NEW YORK • About four billion people experience severe water shortages for at least one month a year and around 1.6 billion people - almost a quarter of the world's population - have problems accessing a clean and safe water supply, according to the United Nations.
While the UN's Sustainable Development Goals call for water and sanitation for all by 2030, the world body says water scarcity is increasing and more than half the world's population will be living in water-stressed regions by 2050.
UN General Assembly president Volkan Bozkir said last Thursday that the lack of drinking water is a global moral failure that has devastating consequences for humanity.
"If I may be candid: It is a moral failure that we live in a world with such high levels of technical innovation and success, but we continue to allow billions of people to exist without clean drinking water or the basic tools to wash their hands," he told a high-level meeting to promote the implementation of the water-related goals and targets of the 2030 agenda.
"And make no mistake, this is a global failure that has far-reaching implications for all of us."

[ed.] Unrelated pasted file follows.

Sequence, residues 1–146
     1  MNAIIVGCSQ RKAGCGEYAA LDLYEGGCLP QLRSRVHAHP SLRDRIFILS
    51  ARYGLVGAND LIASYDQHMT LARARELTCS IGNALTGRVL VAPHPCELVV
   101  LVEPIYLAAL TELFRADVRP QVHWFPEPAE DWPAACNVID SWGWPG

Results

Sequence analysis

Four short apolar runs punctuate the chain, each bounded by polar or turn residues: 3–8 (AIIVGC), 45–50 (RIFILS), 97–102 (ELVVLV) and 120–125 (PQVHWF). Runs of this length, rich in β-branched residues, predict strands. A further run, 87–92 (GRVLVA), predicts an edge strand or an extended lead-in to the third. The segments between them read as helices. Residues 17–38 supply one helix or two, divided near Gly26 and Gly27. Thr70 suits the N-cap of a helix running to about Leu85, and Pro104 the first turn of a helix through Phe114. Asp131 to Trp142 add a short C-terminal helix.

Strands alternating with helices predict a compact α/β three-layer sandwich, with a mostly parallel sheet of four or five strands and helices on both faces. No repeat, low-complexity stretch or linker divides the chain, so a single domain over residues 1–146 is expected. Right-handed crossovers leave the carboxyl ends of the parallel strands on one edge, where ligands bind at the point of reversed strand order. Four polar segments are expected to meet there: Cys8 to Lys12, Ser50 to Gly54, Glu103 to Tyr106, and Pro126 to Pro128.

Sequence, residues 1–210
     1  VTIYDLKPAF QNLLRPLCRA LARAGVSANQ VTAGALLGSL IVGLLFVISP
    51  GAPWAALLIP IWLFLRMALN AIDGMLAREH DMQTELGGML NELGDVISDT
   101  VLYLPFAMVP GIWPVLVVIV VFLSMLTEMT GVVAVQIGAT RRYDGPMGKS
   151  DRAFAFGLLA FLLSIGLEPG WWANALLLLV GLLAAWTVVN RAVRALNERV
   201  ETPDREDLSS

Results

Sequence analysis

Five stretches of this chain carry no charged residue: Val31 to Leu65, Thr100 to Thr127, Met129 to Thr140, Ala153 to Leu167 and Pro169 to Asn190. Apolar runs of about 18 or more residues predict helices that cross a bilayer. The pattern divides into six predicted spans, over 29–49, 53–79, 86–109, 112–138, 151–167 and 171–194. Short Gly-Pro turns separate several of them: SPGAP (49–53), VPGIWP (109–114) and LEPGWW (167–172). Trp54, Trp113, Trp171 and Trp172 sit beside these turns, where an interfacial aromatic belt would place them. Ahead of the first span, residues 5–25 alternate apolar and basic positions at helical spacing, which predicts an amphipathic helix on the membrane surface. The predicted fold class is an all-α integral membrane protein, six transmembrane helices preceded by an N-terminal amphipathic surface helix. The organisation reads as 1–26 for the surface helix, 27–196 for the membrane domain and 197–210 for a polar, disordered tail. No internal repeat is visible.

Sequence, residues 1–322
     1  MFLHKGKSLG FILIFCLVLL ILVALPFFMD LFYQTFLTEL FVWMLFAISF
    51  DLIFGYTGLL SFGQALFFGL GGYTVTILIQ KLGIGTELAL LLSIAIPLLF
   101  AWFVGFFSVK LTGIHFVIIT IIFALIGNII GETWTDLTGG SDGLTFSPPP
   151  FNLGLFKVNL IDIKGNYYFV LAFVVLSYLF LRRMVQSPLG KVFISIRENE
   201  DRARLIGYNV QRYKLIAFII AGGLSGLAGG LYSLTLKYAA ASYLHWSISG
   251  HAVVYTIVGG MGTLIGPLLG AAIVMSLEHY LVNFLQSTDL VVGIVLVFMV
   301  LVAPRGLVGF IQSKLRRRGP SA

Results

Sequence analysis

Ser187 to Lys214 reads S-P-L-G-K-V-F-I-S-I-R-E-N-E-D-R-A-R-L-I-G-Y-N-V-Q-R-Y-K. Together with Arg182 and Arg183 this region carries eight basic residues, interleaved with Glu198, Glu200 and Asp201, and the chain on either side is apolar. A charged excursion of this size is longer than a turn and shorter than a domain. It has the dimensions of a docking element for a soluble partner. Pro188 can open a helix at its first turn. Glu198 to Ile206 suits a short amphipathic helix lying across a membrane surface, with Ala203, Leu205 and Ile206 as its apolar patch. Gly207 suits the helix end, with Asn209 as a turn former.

His comments came ahead of the UN's World Water Day today, which has been held every year since 1993.
Dr Julia Brown, a human geographer specialising in environment and development at the University of Portsmouth, said many countries with water-intensive agriculture and industry lacked adequate safe drinking water.
"When we buy products and buy food and clothing, we don't always appreciate that we're actually importing somebody else's water, and often those countries where we're importing water from, like in avocados or our denim jeans, they're actually very water-scarce countries," she told Reuters.
Dr Brown added that, while extending access to water was important, maintaining that access in some of the poorest parts of the world was often overlooked.
"Non-governmental organisations like to have their photographs taken with a shiny new hand pump... then they walk away and it's handed over to communities to raise the funds to maintain these systems, to make sure that they're repaired. And if they're not?" she said. "The research indicates, at any one time, one-third of hand pumps across sub-Saharan Africa are broken."
Mr Bozkir called on the global community to provide greater financial and capacity-building support for water-and sanitation-related activities. Engagement of stakeholders from different sectors, ranging from civil society to academia to the private sector, is also crucial, he said.
Landmarks participating in City Turns Blue initiative in Singapore for the first time:
1. Keppel Marina East Desalination Plant
2. Mount Faber
3. One Marina Boulevard
4. Orchard Gateway
5. Read Bridge
6. Sentosa Golf Club
7. Science Centre Singapore
8. Shopee Building
9. Singapore Sports Hub
10. Wisma Atria